Celebrating quantum gravity: the moon’s craters and conceptual revolutions

by Seth K. Asante, Bianca Dittrich, and Hal M. Haggard 

Fifty years ago this December the astronauts of the Apollo 8 mission were the first humans to ever see the far side of the moon. As they passed behind the moon they lost radio contact with mission control in Houston. They were completely isolated. Only recently have cockpit recordings of their reactions become public [1]. At first they couldn’t see the moon at all, but then the command module pilot James A. Lovell Jr. exclaims “Hey, I got the moon!”. William A. Anders, the lunar module pilot, asks excitedly “Is it below us?” and Lovell begins “Yes, and it’s—” when Anders interrupts him having spotted it. Deeply enthused the astronauts have dropped their technical patter and systems checks, which make up the main fabric of the recordings. Anders marvels “I have trouble telling the bumps from the holes.” In his excitement Anders completely loses his technical jargon. He can’t even recall the word ‘crater’. He is reacting to the moon. It is easy to feel his enthusiasm at this hidden wonder.


Hal Haggard, Seth Asante, and Bianca Dittrich form a triangle area, the main variable in their new study of discrete gravity [5]. If you squint the image is even a bit like The Dark Side of the Moon’s cover art. The picture is taken in front of artwork by Elizabeth McIntosh hanging in the main atrium of the Perimeter Institute.

Quantum gravity is a deep puzzle of modern physics. Like the far side of the moon, much of the full theory is still hidden from view. But, it seems to me that we too seldom celebrate the great accomplishments that thinking about this puzzle has yielded. Two grand anniversaries both connected to gravity are to be celebrated this year. It’s a perfect moment to feel again the excitement that these discoveries represent and to connect to the enthusiasm and sense of exploration that quantum gravity can inspire.

The craters of the moon are named for famous scientists, philosophers, mathematicians and explorers. On the near side there are the craters Galileo, Grimaldi, Aristarchus, Plato, Copernicus, Tycho, Kepler and many others.  But, hidden on the far side are two craters named for Amalie Emmy Noether and Giulio Racah. The work of these two great scientists has surprising connections to quantum gravity.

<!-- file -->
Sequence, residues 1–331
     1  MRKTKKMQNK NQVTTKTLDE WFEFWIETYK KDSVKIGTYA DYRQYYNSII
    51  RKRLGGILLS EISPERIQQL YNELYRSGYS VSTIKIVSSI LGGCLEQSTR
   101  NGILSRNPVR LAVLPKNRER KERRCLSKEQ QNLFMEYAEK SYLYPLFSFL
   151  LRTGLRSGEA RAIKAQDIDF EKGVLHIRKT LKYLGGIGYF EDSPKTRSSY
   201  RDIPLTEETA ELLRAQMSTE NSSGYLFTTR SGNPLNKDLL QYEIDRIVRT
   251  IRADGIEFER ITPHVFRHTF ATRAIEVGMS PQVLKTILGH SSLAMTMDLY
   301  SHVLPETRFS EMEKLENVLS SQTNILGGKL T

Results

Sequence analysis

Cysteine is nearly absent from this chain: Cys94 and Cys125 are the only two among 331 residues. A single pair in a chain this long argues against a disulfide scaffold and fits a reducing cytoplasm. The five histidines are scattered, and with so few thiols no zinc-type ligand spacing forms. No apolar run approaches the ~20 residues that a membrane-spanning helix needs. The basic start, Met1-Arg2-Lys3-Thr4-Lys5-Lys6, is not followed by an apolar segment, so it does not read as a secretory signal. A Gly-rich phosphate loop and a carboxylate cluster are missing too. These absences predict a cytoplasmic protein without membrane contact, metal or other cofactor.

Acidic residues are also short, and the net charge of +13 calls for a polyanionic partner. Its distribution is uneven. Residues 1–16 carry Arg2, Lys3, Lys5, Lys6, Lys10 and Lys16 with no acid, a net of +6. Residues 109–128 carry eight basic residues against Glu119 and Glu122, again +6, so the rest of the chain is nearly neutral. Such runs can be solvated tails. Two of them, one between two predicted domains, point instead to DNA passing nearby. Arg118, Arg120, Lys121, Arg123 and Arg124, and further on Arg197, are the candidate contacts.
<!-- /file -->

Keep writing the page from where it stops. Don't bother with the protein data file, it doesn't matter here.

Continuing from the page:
Indeed, this year marks both the golden jubilee (50 years) of the first model of quantum gravity [2], for which Racah unwittingly laid the foundations, and the centennial of the extraordinary paper “Invariant Variation Problems” by Noether [3]. Noether’s remarkable achievement was to connect the notion of symmetry to the evolution of physical systems, both when their dynamics is completely determined by the variables of the system and when there is a gauge symmetry that constrains the dynamics.

Although the advent of general relativity was what drew Noether into this circle of ideas, it is still in the context of gravity where our understanding is murkiest; for it seems that the problem of quantizing gravity is centrally one of recognising what are the appropriate variables in which to cast the theory and its symmetries and to invent a quantization procedure that interfaces smoothly with curved spacetime and its invariance under changes of coordinates, so-called diffeomorphism symmetry. Indeed, investigation of an alternative set of area variables for discrete gravity is the main theme of our paper [5]. Racah also played a surprising role in one formulation of this problem.

Fifty years ago, in 1968 G. Ponzano and Tullio Regge studied the small ℏ limit of the Racah coefficients (also known as 6j-symbols, these are more symmetric versions of Clebsch-Gordan coefficients). They found that these coefficients, usually associated with atomic physics and the recoupling of angular momenta, perfectly coded the geometry of a tetrahedron. Not only did the edge lengths and angles between the faces of the tetrahedron emerge in this limit, but the prefactor in their formula is expressed in terms of the tetrahedron’s volume. This would have been quite remarkable enough, but Ponzano and Regge recognised in their result the potential for a quantum theory of gravity.